Economic Condition: After the implosion of the Soviet Union in 1991, Russia struggled to establish a modern market economy and achieve strong economic growth. In Russia 40 % of population is below poverty line. Distribution of Income is deteriorated. Purchasing power of Russian people is very low. That’s why firms can not increase their product price easily, otherwise they will use market.

Inflation: Inflation in Russia after the collapse of Soviet Union was serious problem. In 1992 inflation rate was %2000. Products and raw material prices were changing every day. That’s why making long-term decision was impossible.

High Interest Rate: In 1992 Interest Rate was very high. Thus, Investment in Russia borrowing from local banks had very high cost.

Currency Problem: All Ben Jerry’s stores were selling ice cream for rubles. Because of currency flactuation and inconvertibility they faced hard currency costs.

Black Market: In Russia, where most firms play down success for fear of paying taxes, poor output figures often hide a booming black market economy. Official figures, reassessed after the World Bank complaints that Russian statisticians were ignoring the black market economy, indicate that it accounts for 22 percent of GDP. But even Prime Minister admits that the size of the untaxed shadow economy might be as high as 50 percent of GDP.

Bureaucracy: The idea to open a store in Russia gained momentum about five years ago, when cold war tensions were starting to ease. The company first explored opening in Georgia or in Moscow. Bu the bureaucracy in both places scared them off. The company eventually settled in Petrozavodsk due mainly to the sister-state relationship between Vermont and Karelia. But obtaining permission from Soviet authorities to start operations and renovating the facility also took time.


As average 480,000 tons ice cream was produced annually in Russia in 1990’s.The industry had 120 companies and 18,000 employees.

In 1990’s there were two main competitors for Ben&Jerry in Ice Cream Market: Foreign Companies and Local Firms.

Foreign Ice Cream Companies: Almost all famous ice cream companies had investment or franchising agreement in Russia, because Russia was good market for ice cream industry.

Buskin Robins had franchising agreement until 1996. After that it went to joint venture. Buskin Robins had ice-cream shops almost every Russian City.

The most powerful foreign company in Russia was Nestle. It was domain of ice cream market in Russia because of its mass production capacity and relatively cheaper prices.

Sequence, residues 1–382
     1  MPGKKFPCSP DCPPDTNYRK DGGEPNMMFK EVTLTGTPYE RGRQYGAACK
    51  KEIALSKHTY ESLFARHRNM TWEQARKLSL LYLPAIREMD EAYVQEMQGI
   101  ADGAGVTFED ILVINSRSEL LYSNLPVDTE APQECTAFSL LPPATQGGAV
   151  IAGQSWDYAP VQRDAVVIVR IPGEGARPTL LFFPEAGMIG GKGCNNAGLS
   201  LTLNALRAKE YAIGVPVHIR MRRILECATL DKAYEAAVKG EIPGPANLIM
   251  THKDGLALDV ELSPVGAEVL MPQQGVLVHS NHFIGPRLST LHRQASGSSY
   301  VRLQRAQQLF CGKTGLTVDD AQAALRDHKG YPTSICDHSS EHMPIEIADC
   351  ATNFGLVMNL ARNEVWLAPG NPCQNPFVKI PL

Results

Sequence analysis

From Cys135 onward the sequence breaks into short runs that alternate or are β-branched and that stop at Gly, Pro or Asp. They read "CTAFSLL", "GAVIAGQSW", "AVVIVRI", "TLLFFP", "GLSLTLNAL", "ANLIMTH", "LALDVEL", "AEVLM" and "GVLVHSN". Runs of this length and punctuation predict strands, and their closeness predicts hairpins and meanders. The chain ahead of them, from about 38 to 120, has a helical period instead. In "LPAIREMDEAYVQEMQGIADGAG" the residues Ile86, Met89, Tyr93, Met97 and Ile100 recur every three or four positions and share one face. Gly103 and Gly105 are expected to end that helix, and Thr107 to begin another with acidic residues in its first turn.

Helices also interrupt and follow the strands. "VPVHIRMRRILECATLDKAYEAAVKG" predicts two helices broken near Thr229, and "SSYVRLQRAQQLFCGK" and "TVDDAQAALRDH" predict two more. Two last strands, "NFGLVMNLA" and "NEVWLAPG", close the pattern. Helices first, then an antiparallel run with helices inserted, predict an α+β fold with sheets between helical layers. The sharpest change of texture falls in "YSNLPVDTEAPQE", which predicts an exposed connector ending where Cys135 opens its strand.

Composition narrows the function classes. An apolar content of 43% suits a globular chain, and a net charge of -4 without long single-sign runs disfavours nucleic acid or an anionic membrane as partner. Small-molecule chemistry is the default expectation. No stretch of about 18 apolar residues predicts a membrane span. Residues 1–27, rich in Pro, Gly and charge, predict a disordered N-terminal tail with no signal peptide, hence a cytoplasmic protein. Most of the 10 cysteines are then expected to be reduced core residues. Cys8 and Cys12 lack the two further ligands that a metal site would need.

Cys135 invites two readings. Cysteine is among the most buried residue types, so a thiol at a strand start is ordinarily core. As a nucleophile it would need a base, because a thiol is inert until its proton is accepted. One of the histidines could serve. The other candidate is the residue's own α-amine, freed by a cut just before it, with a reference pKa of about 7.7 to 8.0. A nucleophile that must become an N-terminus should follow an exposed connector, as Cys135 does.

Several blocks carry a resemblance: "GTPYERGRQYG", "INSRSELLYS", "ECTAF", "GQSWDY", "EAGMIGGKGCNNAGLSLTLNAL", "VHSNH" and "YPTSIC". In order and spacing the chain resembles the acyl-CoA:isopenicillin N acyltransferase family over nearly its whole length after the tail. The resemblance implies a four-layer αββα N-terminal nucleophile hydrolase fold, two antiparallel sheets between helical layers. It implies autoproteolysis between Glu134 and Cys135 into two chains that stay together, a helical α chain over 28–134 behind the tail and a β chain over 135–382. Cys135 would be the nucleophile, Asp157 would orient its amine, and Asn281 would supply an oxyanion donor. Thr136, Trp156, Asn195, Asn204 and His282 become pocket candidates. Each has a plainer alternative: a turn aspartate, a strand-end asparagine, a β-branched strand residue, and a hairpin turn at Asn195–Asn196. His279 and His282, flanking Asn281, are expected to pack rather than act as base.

Haagen-Dazs and some Finland and Czech Companies were other important competitors of Ben&Jerry’s.

Local Companies: In 1988, most home refrigerators in Russia had very small freezers. Thus, ice cream was a dessert commonly sold by street vendors and restaurants for immediate consumption. At this time, street vendors were Ben&Jerry’s most substantial competition, selling tons of good-tasting ice cream every day for as little as 35 rubles per unit. However, variety was a weak spot in Russian ice cream-it vas vanilla or nothing. Thus, Ben&Jerry’s relied on variety and novelty a competitive advantage.

Local vendors were hostile toward the new Ben&jerry’s facility. Almost all ice cream sold in Petrozavodks was supplied by a local ice cream monopoly that had ties to the Mafia. Upon hearing of Ben&Jerry’s arrival, the local monopoly pressured the dairy not to supply the outsider with any cream, forcing them to find a new source of dairy nearly a day’s drive away. In addition, they arranged for frequent sanitation inspection visits in an afford to slow Ben&jerry’s operation down and keep them out of ice cream business in Petrozadovks.

Russians’ love for ice cream is legendary, even during their long, cold winters. Maybe that’s what makes them so strong. Or as Winston Churchill once put in: “You cannot defeat a nation ice cream at minus-40 Celsius.” Russia also has always been known for its tasty ice cream. But local Russian ice cream companies has e few variety such as vanilla(98 percent of ice cream production in Russia was vanilla). These companies generally have small factories whit 30-100 employees. But Foreign companies sell more than 600 different kind ice creams. Local producers use all natural ingredients, but foreign companies sometimes use artificial ingredients in their products.


The Value Chain is composed of two main group activities, the support activities and the primary activities. Within the support activities we find the firm’s infrastructure, human resource management, technological development, and procurement. In other words, the support activities are the within company activities. On the other hand, the primary activities group is composed of the supply chain, marketing and sales, and services. The supply chain sub-group contains the inbound logistics, the operations and the outbound logistics. As is expected, the primary activities are the outside/connection company activities. According to this concept, at the end of the Value Chain we find little room for margin, which at all possible time is trying to be increased.

Inbound Logistic: At the first point of the supply chain within the primary activities is the inbound logistic. The system to link suppliers’ products with the firm’s production process was not the most efficient, but nevertheless a good one. Because of the hostile environment caused by the local monopoly who pressured the dairy not to supply Ben & Jerry with any cream in Petrozavodsk, the company had to find another suitable supplier for their ingredients almost 24 hours away by car within the same region. Nevertheless, the new supplier’s milk had to be reformed to meet Ben & Jerry’s requirements, and high grade eggs and sugar had to be located. However, at times managers were faced with the fact that some ingredients could not be found at all in that region, and needed to be replaced by another local ingredient. For example, the khalua was replaced by the vodka, which altered the flavor of the product. In addition, not only scarce skilled inspectors needed to be recruited, but also Ben & Jerry had to heighten their sanitation system since Russia’s dairy industries are not as strict as the United States’.